Egypt has long sought to expand habitation and agriculture into the desert, but the obstacles are great.
Two of Egypt’s most daunting strategic challenges are population growth and the scarcity of arable land. Almost all of Egypt’s 100 million people call the Nile Valley home, and all of Egypt’s agricultural production occurs along the ribbon of the Nile and its Delta. Severe overcrowding, a massive housing deficit, loss of arable soil to incessant urbanization, dense vehicle traffic, and worsening air pollution are among the many consequences. With 95 percent of the country’s territory untouched, it is no surprise that for decades Egyptian leaders have sought to expand urban areas and agriculture into the desert.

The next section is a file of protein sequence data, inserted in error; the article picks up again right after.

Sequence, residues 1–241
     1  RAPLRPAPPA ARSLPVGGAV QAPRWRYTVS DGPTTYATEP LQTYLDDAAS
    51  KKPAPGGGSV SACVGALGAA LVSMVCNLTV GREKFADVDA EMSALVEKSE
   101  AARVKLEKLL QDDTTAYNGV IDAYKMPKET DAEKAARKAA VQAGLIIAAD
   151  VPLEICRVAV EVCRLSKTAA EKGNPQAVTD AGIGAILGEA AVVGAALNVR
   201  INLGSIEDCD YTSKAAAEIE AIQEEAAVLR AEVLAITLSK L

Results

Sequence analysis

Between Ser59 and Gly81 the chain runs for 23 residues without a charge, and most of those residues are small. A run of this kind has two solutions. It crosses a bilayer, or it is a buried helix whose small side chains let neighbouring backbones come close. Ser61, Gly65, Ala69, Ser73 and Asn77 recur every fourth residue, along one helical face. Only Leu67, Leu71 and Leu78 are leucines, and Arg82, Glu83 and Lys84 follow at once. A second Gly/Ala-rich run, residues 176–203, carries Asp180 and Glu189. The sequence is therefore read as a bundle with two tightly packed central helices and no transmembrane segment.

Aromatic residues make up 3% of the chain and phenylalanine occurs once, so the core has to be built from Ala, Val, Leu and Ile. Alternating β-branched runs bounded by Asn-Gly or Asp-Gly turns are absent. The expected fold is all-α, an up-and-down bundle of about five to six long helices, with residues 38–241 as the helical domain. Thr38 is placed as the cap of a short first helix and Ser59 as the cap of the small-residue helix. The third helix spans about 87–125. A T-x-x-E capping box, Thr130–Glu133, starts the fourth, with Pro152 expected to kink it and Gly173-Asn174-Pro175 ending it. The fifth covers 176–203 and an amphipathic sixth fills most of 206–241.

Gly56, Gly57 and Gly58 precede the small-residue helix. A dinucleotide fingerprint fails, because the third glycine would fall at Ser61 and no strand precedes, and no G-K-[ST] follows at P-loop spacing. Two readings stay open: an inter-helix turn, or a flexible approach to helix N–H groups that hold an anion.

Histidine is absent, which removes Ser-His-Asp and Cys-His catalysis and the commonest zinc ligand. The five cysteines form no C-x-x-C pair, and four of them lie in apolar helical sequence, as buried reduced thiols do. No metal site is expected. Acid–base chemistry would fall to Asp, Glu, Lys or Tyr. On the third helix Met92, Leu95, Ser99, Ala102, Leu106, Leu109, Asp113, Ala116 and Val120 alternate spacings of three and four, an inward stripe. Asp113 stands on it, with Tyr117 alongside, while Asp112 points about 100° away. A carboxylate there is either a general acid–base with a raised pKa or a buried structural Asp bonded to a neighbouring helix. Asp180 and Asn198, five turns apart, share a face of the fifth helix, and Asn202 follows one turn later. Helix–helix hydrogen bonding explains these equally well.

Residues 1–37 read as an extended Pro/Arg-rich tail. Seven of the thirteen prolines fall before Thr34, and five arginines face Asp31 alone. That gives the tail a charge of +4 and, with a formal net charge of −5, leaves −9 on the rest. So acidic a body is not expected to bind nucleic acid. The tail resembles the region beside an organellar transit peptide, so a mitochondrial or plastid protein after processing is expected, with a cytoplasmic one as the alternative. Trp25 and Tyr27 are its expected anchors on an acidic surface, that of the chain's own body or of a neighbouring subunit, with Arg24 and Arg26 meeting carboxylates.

Horizontal expansion is extremely costly, but every president since 1954 has pressed forward nonetheless, as a recent report by Carnegie’s Yezid Sayigh on Egypt’s military economy details. If the effort were to succeed, it could prove a boon for Egypt’s economic and human development. New farmland and cities could reduce the country’s reliance on importing much of its food and bring it closer to fulfilling the aspirations of various social sectors for upward mobility. But, as this video asks, is it a realizable dream worth the massive investment of scarce funds, or just a costly mirage?